Publication Date: November 10, 2017
(Print Publication Date: October 13, 2017)
This book offers the tools teachers need to get started with an innovative approach to teaching history, one that develops literacy and higher-order thinking skills, connects the past to students' lives today, and meets Common Core State Standards (grades 7–12).
The author provides over 60 primary sources organized into seven thematic units, each structured around an essential question from U.S. history. As students analyze carefully excerpted documents—speeches by presidents and protesters, Supreme Court cases, political cartoons—they build an understanding of how diverse historical figures have approached key issues. At the same time, students learn to participate in civic debates and develop their own views on what it means to be a 21st-century American. Each unit connects to current events and dynamic classroom activities make history come alive. In addition to the documents themselves, this teaching manual provides strategies to assess student learning; mini-lectures designed to introduce documents; activities to help students process, display, and integrate their learning; guidance to help teachers create their own units; and more.
Rosalie Metro is an assistant teaching professor in the College of Education at the University of Missouri-Columbia. She has taught U.S. and world history at the middle and high school levels.
"The design and organization of Teaching U.S. History Thematically encourages educators at all levels (e.g., teacher education programs, preservice social studies education candidates, and inservice social studies teachers) to reflect upon the curriculum and its purpose and to adopt an innovative approach for high quality lessons that promote an inclusive story of all Americans throughout history. Not only is the book a thorough and comprehensive guide for teachers, it is an invaluable tool for educators looking to encourage and enhance reflective practice and promote meaningful, engaging, and inclusive teaching and learning."
—Teachers College Record
'Metro’s work is a useful source for those thinking of becoming social studies teachers. Rather than tell these new teachers what and how to teach, Metro’s work suggests a different approach. Some college and university professors might find the overall approach interesting if they are involved in training secondary education social studies teachers. It may help candidates think through curriculum development and lesson and unit planning."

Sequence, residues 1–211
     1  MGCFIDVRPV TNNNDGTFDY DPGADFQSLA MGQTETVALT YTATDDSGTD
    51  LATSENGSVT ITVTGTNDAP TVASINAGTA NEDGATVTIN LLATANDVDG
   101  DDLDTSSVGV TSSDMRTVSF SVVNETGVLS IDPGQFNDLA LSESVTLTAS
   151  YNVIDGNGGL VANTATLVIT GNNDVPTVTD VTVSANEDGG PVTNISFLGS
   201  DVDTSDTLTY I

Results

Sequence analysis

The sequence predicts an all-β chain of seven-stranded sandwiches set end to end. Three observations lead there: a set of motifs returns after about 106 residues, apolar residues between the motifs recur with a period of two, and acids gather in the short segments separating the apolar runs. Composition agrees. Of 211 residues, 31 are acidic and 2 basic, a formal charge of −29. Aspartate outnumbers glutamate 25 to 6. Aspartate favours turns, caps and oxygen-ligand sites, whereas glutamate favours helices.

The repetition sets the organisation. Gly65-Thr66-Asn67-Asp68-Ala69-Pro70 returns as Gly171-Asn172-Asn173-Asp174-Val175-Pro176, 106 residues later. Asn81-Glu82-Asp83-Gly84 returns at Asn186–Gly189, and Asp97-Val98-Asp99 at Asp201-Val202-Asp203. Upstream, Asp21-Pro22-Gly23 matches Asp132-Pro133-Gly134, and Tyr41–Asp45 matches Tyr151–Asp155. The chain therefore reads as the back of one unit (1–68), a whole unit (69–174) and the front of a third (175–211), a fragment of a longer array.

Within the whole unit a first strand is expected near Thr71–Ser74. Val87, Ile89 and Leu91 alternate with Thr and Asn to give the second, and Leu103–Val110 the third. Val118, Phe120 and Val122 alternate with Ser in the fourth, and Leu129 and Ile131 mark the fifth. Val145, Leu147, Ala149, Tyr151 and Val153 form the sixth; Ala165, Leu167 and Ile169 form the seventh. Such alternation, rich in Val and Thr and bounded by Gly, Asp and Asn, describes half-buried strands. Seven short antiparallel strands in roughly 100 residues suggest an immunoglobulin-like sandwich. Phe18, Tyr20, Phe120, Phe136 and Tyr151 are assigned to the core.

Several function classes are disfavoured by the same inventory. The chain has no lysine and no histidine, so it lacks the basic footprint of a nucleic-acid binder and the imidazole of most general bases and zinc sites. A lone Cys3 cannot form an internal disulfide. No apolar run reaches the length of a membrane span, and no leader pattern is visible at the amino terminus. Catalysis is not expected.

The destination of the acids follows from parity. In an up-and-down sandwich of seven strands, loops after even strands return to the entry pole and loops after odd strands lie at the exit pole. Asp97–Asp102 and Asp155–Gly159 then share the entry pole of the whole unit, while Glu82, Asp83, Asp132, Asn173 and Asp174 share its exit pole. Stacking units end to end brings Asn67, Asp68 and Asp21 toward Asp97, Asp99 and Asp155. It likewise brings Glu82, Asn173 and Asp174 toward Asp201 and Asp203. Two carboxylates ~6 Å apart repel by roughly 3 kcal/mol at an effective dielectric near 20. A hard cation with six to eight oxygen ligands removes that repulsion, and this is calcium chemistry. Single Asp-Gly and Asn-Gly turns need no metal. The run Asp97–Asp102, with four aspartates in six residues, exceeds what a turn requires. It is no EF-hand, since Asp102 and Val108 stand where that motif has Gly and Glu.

"This is an indispensable guide for any teacher looking to bring serious intellectual engagement to the history classroom."
—Sam Wineburg, Stanford University
"Written from a practitioner’s perspective, Rosalie Metro provides a wealth of suggestions for structuring a year-long U.S. history course based on themes rather than solely on the timeline. Full of thought-provoking essential questions, engaging primary source documents, and an impressive array of classroom activities, Teaching U.S. History Thematically is the must-have resource for history teachers looking to stay relevant in our modern learning landscape."
—Diana Laufenberg, lead teacher and executive director, Inquiry Schools, Philadelphia, PA
" Teaching U.S. History Thematically provides teachers a practical yet compelling response to problems in history education. Metro’s approach to providing historical study through themes, primary sourcing, inquiry, and current topics combines what educational researchers and policymakers denote as best educational practices. The book is a useful resource for novice and experienced history teachers, social studies teacher educators, homeschooling, and community educators. I am excited to use in my college classes; this is required reading!”
—LaGarrett King, University of Missouri
“A remarkably thoughtful and engaging aid to teaching U.S. history. Using carefully chosen primary documents, Metro raises pointed questions that will help teachers and students alike wrestle with the place of the past in the present.”
—Jill Lepore, Harvard University